First of all, let me state this, because this does not seem to be understood by the OP but none of the other answers actually try to clarify this confusion. "Series volume no" is an abbreviation of "series volume number", i.e. the number of the volume in the series. The journal is asking you what the position (number) of your book (the volume) is in the series "Modern Birkhaüser Classic".

I have another volume from the series Modern Birkhaüser Classic in my hands. No number for this volume is to be found anywhere. Nothing on Springer's webpage either. None of the usual bibliographical databases (mathscinet, zbmath) mention any kind of number. My university's library search engine does not make mention of a number either. If such a number even exists, it is useless to anyone.

Simply tell the journal that despite being part of a series, there is no number attached to this volume. If the journal is somehow adamant on having a number, then your other option is to cite the original edition from 1992, if you are certain that the content is exactly the same, but this sounds pointless.

  • +1 This is what I thought too, but did not have the patience you took to confirm it. Jan 12, 2021 at 16:57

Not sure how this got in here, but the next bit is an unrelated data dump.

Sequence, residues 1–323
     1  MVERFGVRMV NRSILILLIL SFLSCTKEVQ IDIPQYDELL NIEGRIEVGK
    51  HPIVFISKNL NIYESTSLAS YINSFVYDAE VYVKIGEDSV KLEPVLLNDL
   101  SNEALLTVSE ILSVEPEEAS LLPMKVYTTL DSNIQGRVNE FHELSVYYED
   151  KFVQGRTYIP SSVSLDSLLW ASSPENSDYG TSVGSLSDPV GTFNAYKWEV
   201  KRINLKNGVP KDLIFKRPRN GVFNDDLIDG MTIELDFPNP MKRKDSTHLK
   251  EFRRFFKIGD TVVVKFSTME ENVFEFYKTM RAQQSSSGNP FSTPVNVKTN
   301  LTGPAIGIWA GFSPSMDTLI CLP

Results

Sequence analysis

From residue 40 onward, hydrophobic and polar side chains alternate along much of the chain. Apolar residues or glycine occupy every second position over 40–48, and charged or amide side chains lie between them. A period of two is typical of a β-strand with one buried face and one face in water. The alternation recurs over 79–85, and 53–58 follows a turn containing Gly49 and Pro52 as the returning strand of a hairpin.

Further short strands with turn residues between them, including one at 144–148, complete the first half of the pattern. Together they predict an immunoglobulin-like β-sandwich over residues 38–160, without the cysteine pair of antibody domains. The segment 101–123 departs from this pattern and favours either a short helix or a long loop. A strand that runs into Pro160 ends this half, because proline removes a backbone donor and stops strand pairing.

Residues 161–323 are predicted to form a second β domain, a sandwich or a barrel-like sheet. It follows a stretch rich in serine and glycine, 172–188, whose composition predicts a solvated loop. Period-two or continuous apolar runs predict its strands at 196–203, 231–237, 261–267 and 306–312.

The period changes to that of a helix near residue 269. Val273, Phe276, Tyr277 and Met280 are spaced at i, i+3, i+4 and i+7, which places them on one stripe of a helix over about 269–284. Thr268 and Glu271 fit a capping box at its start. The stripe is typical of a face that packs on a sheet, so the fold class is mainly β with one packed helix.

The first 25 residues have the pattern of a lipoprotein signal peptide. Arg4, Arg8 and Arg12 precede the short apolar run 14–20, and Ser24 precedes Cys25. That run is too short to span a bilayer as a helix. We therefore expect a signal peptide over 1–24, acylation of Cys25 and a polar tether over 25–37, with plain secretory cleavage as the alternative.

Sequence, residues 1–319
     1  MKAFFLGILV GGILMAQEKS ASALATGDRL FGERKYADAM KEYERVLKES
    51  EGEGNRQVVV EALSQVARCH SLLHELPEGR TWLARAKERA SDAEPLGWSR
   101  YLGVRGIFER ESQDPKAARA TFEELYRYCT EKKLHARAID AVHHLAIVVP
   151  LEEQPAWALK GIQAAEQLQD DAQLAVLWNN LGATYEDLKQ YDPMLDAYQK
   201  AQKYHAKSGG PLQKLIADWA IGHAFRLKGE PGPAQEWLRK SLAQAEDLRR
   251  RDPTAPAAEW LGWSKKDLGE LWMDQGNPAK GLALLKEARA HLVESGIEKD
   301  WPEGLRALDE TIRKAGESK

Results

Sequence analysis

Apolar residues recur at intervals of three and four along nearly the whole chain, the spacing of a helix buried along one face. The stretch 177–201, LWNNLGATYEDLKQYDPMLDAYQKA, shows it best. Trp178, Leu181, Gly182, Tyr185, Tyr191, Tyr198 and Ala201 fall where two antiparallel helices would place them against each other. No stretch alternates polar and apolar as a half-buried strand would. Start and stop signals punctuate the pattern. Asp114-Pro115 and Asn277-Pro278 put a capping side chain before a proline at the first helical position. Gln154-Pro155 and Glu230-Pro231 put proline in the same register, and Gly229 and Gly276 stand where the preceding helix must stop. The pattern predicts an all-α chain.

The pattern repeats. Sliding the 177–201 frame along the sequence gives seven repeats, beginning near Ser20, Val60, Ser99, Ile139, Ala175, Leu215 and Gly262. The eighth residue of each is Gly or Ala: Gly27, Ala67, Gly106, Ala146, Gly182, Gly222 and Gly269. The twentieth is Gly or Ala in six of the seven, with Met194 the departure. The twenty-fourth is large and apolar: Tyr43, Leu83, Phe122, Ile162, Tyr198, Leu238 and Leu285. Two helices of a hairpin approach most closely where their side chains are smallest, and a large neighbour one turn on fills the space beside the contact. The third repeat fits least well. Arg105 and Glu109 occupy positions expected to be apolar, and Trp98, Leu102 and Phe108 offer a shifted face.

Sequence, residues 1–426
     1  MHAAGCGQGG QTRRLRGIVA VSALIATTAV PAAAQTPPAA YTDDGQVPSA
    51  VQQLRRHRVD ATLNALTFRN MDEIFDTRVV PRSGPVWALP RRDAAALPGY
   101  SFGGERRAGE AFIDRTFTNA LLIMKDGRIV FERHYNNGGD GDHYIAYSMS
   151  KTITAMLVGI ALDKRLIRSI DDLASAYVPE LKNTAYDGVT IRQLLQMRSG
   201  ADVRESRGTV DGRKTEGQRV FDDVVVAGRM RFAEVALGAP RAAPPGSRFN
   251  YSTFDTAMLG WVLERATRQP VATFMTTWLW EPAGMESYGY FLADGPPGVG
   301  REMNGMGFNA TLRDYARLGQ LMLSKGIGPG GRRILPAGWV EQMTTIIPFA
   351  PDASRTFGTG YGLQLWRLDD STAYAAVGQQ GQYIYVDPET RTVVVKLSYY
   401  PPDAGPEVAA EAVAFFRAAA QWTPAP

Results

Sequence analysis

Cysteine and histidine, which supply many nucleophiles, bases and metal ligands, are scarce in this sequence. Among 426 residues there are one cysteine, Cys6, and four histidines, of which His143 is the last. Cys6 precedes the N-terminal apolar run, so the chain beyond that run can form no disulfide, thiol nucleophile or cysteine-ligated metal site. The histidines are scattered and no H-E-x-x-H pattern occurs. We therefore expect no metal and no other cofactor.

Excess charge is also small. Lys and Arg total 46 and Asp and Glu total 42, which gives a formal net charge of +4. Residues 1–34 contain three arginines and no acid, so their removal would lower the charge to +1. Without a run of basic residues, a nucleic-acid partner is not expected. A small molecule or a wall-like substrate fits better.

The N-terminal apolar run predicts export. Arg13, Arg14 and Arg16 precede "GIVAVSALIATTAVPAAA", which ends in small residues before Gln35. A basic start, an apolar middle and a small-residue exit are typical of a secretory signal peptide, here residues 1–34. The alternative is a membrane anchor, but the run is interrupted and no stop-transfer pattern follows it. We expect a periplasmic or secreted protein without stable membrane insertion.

• Indeed, the whole purpose of including this information is to make the referenced material easier to find. Even if a number exists, as some other answers suggest, if it's this hard to find it isn't useful to anybody. In my experience, this task of checking references for missing information is either automated or done by someone who is checking against a very strict list. It's normal to respond "this doesn't exist/doesn't apply". For example, I've run into journals asking for different information for software citations that just make no sense; it's never been a problem to explain politely.
    – Bryan Krause
    Jan 12, 2021 at 17:09

Since the book is part of a series, it must also have a series number - its position in the series.

Unfortunately enough there are 109 books in that series, and Springer's website does not order them in series number (which would be expected to roughly correspond to chronological order). If you have a physical copy of the book you might be able to find the series order in the front matter of the book, possibly on the copyright page. Otherwise you might have to ask Springer for the number.


I found this on worldcat.org by searching the title

Geometry and spectra of compact Riemann surfaces : "Reprint of the 1992 edition.". - "Originally published as Volume 106 in the series Progress in mathematics"--

  • 1
    But the reprint appears to be in a different series called Modern Birkhäuser Classics. So the reprint probably has some other series volume number.
    – Anyon
    Jan 12, 2021 at 3:29
  • @Anyon That's a good point, although the version in the "Modern Birkh\"auser Classics" series is so closely tied to the version in the "Progress in Mathematics" series that the version in the "Modern Birkh\"auser Classics" series ends with instructions for how to propose a new book in the "Progress in Mathematics" series and a list of the previous books in the "Progress in Mathematics" series. Jan 12, 2021 at 15:59